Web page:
Is Domonic Brown being ordered to be played by the Philadelphia Phillies?
Neither GM Ruben Amaro Jr. nor manager Ryne Sandberg will ever say it, but there can be no other logical explanation for it.
Brown has brought nothing to the table in this season for the team. He has been flirting with the Mendoza Line all season and that’s one ugly 2 a.m. bar option for the team. Right now, Brown is hitting .214 and no .214 hitter should be an everyday player for any MLB team, but that’s what Brown has turned out to be for the Phillies.
For his part, Sandberg has never said a positive word about Brown and when the subject of Brown playing every day is brought up, Sandberg directs the question elsewhere. When Amaro is asked the same thing, he takes the company line he has been preaching since the offseason: Domonic Brown and other high-profile Phillies have to produce in order for this team to win.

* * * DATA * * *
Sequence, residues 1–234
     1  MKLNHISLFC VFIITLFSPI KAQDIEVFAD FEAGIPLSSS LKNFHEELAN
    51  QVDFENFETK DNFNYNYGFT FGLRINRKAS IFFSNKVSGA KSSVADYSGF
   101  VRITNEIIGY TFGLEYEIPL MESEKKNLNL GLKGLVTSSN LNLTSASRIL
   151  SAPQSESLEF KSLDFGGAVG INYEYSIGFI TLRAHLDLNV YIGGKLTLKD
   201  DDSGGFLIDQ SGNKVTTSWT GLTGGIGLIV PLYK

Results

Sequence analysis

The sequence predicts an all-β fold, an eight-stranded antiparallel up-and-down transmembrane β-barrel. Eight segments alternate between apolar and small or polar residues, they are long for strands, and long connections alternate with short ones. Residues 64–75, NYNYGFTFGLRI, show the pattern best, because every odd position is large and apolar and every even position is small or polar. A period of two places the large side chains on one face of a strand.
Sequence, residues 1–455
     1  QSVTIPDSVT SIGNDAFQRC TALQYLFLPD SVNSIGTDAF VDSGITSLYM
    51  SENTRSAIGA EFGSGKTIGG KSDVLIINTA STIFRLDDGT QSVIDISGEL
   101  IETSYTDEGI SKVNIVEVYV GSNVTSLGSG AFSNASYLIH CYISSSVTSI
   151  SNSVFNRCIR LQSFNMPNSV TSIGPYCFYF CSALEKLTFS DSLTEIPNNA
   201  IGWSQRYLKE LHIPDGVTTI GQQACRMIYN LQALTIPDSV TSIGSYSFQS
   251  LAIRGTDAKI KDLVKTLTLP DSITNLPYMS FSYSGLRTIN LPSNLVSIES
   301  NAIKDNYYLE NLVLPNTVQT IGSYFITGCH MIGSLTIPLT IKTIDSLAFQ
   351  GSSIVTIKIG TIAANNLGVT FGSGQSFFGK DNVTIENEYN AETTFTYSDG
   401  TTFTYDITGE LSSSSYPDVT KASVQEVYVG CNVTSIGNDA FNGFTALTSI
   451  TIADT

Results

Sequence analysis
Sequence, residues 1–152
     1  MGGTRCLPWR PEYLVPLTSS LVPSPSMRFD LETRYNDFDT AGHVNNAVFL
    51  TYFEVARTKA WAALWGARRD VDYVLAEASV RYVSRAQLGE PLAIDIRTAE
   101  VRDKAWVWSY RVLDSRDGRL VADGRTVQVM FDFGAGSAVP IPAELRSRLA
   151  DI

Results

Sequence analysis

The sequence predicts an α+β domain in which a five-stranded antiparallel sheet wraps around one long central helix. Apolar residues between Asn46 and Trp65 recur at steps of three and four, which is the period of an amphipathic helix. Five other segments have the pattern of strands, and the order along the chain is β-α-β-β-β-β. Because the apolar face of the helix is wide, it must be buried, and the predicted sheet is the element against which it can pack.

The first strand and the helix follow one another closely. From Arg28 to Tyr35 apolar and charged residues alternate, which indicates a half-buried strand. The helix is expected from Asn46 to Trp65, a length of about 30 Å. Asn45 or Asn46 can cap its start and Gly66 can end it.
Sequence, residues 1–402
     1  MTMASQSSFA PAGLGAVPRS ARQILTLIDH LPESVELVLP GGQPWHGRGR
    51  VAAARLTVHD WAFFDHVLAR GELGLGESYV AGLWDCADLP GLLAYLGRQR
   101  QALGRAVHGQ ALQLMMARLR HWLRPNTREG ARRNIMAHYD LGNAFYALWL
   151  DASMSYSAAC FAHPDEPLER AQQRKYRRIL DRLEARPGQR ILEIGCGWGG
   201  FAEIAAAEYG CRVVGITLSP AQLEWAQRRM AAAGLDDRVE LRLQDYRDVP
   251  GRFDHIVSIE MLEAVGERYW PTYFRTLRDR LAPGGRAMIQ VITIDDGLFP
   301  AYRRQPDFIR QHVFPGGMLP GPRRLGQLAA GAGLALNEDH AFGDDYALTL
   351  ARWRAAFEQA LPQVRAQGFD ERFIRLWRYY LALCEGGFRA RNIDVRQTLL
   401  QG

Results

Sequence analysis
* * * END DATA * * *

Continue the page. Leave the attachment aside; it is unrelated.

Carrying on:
The problem with that line of thinking is that Brown is no longer a high-profile Philadelphia Phillies player. He has lowered his profile considerably with two-and-a-half months of terrible play, both at the bat and in the field. In a 6-1 win over the Atlanta Braves on Monday night, Brown almost cost the team a win by failing to go after a ball that hit high off the fence. Brown thought the ball was hit out and gave up on it. Fortunately, the Phillies got out of that inning.
The Phillies do not have many options, but at least in John Mayberry Jr. they have a stopgap who can be more productive than Brown until the Phils can trade for a better outfielder at the deadline.
Getting out of the Brown conundrum will even be harder if Amaro is telling Sandberg to play him no matter what he does or doesn’t do. The manager’s job is to make out the lineup and the GM’s job is to give him the players who can win. When one interferes with the other, that’s a broken relationship.